For the Birds Radio Program: Salmonella Outbreak, 2009
Why do so many siskins and redpolls die in spring thaws, and what can we do to protect the birds in our own backyard? “Bird feeding is something we do to feel good about our own generosity and benevolence as well as to give us good opportunities to see birds. But to be truly benevolent, our feeders have to be good for birds in reality, not just our minds. “
In the past week, on the listservs people in Wisconsin and Minnesota have been talking about how many dozens or hundreds of redpolls are still at their feeders, and here in New York about how many Pine Siskins are still there. Meanwhile, I’ve been getting dozens of emails and phone calls about how many dead birds people are finding. During the spring thaw, when all the germs that have collected over the winter in spent seeds and bird droppings, are warming up and multiplying, many feeders have bouts of salmonella, but this year it’s the worst outbreak I can remember. Some people who keep reasonably good care of their feeding stations have found dozens of dead birds.
Salmonella is caused by a bacterium of the same name that is naturally found in soil, so the disease first appears in the birds that pick up seeds off the ground, and spreads quickly among finches because they not only eat on the ground but in dense flocks. Sick birds may appear thin, or unusually plump because they’re all fluffed up. They are often lethargic and easy to approach. Some infected birds may show no outward symptoms but are carriers of the disease and can spread the infection to other birds.
It’s impossible to know for sure whether the bird got infected with salmonella in the first place in your yard, or whether it arrived after being infected elsewhere. But as soon as you see one bird, others can get sick in your yard from the droppings of the infected bird. So if you see even one sick or dead bird at your feeder this time of year, it’s best to bring in all your feeders. If the ground is still too frozen or you just don’t have time to rake it, cover it with a tarp until you can. Wash your feeders thoroughly and rinse with a strong bleach solution, but don’t refill them and invite birds back to your yard for two weeks. If you can’t bear to not feed your chickadees, you can set up a small acrylic feeder in your window with sunflower seeds, but don’t put much seed in at a time and only empty the shells into the trash, not onto the ground.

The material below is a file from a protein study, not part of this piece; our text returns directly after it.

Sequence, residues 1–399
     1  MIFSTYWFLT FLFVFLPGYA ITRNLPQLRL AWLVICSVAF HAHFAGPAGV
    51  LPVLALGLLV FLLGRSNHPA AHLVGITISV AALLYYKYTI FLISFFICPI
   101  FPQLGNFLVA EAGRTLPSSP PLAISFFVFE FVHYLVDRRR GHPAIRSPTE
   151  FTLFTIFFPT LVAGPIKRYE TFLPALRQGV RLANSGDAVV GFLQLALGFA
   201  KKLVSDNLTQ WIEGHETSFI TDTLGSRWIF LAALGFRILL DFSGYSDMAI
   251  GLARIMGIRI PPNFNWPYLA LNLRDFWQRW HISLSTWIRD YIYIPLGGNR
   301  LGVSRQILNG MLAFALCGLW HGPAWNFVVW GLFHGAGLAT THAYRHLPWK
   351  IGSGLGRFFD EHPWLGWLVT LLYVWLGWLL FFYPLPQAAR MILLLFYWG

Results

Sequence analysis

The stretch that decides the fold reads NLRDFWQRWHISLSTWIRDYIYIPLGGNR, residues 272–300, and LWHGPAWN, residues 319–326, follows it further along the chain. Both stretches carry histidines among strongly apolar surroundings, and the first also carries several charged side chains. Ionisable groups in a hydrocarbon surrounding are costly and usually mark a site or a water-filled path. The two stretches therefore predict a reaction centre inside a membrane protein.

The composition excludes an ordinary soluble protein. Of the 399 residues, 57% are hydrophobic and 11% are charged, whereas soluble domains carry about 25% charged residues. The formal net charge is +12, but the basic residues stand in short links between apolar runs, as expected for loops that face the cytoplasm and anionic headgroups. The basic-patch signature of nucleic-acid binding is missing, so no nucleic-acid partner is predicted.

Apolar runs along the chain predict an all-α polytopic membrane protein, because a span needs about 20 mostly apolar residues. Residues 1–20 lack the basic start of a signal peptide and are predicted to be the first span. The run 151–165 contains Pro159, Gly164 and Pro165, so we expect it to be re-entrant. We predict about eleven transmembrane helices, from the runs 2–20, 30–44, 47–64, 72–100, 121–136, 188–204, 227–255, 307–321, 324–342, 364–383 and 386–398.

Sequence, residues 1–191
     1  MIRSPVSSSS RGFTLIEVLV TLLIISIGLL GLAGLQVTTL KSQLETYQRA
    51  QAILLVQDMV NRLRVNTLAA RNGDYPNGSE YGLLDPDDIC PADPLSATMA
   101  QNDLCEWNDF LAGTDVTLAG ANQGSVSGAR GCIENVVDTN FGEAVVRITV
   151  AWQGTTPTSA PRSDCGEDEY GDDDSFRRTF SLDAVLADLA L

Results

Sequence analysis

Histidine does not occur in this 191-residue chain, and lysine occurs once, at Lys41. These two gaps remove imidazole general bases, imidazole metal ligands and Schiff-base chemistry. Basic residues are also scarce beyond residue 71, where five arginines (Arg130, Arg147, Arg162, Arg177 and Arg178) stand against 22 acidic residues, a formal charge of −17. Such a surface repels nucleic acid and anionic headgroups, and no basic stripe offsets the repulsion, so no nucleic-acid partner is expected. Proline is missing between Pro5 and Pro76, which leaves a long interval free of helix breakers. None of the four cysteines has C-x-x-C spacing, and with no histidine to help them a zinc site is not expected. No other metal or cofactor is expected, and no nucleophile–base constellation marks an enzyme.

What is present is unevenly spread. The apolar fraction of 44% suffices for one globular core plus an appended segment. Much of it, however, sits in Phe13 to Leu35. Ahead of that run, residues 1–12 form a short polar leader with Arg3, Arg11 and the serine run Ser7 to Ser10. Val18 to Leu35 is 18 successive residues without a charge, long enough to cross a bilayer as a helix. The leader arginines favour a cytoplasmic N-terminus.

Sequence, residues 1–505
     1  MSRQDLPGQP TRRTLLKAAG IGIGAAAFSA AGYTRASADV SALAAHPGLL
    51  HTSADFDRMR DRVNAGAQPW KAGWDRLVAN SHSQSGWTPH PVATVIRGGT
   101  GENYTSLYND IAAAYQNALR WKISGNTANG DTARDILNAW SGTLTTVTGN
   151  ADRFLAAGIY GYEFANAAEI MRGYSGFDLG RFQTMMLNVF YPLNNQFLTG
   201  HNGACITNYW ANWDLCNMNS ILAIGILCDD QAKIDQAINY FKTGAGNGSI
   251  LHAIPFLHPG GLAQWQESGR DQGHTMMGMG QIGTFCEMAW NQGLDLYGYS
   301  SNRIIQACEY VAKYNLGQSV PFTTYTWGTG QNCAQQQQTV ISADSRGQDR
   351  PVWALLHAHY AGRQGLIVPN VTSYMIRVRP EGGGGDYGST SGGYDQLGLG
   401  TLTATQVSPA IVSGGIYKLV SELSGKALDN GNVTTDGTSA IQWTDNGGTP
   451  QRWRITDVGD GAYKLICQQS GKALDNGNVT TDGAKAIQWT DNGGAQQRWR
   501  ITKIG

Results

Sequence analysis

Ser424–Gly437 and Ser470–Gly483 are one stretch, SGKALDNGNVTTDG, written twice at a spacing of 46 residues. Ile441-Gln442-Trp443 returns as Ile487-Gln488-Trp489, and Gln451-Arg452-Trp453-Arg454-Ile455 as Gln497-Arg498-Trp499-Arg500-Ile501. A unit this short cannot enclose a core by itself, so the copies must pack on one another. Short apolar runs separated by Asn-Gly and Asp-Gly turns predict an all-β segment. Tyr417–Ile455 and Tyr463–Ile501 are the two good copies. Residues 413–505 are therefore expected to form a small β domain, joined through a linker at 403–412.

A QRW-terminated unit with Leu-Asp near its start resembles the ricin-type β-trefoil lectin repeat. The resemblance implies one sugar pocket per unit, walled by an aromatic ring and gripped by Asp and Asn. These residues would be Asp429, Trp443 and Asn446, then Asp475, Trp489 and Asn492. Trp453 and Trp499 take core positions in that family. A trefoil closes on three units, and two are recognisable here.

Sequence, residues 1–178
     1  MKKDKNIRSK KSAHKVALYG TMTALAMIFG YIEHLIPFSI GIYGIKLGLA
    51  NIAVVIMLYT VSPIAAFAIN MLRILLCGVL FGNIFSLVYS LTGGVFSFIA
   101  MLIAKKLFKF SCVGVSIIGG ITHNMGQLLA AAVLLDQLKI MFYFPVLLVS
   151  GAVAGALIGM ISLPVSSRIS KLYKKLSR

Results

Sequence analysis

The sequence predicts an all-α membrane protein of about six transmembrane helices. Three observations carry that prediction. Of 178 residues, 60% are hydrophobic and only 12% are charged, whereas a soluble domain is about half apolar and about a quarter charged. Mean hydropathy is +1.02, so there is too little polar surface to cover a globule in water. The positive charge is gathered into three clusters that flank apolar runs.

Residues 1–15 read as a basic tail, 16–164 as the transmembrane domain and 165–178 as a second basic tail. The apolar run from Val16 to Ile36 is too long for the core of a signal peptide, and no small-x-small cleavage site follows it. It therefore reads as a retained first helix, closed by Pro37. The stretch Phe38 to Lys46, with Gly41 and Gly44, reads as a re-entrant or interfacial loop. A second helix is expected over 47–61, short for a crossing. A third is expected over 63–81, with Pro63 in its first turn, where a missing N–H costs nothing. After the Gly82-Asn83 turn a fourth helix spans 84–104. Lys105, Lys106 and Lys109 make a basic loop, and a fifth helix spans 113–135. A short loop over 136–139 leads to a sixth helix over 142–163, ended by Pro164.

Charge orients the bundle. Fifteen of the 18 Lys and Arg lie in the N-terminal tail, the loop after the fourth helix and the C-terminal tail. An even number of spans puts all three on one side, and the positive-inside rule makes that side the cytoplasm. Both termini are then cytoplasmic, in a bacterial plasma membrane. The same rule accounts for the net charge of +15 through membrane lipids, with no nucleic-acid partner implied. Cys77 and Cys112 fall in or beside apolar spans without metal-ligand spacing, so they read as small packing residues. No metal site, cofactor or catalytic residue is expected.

The strains of salmonella that hurt birds are also dangerous for us and our pets. When you find a dead bird, pick it up with a plastic bag, double bag it, and put it in the trash before your dog can pick it up. Salmonella is, of course, one of the reasons why people should keep their cats indoors for the cat’s benefit as well as for birds.
Bird feeding is something we do to feel good about our own generosity and benevolence as well as to give us good opportunities to see birds. But to be truly benevolent, our feeders have to be good for birds in reality, not just our minds. Putting out cheap seed mixes increases the chances for diseases to flourish because most birds pick out the sunflower and white millet and leave the filler seeds to decay. And providing enough food to entice huge flocks without putting in the work to rake up the hulls is inviting disaster. With the bad economy, fewer people are feeding birds right now, and that means that those of us who still do have to be even more responsible, because birds are concentrating at the remaining feeders. Feeding birds is supposed to be a joyful pastime, for us and for the birds. By keeping our feeding stations clean and closing down shop when birds do get sick, we can keep them that way.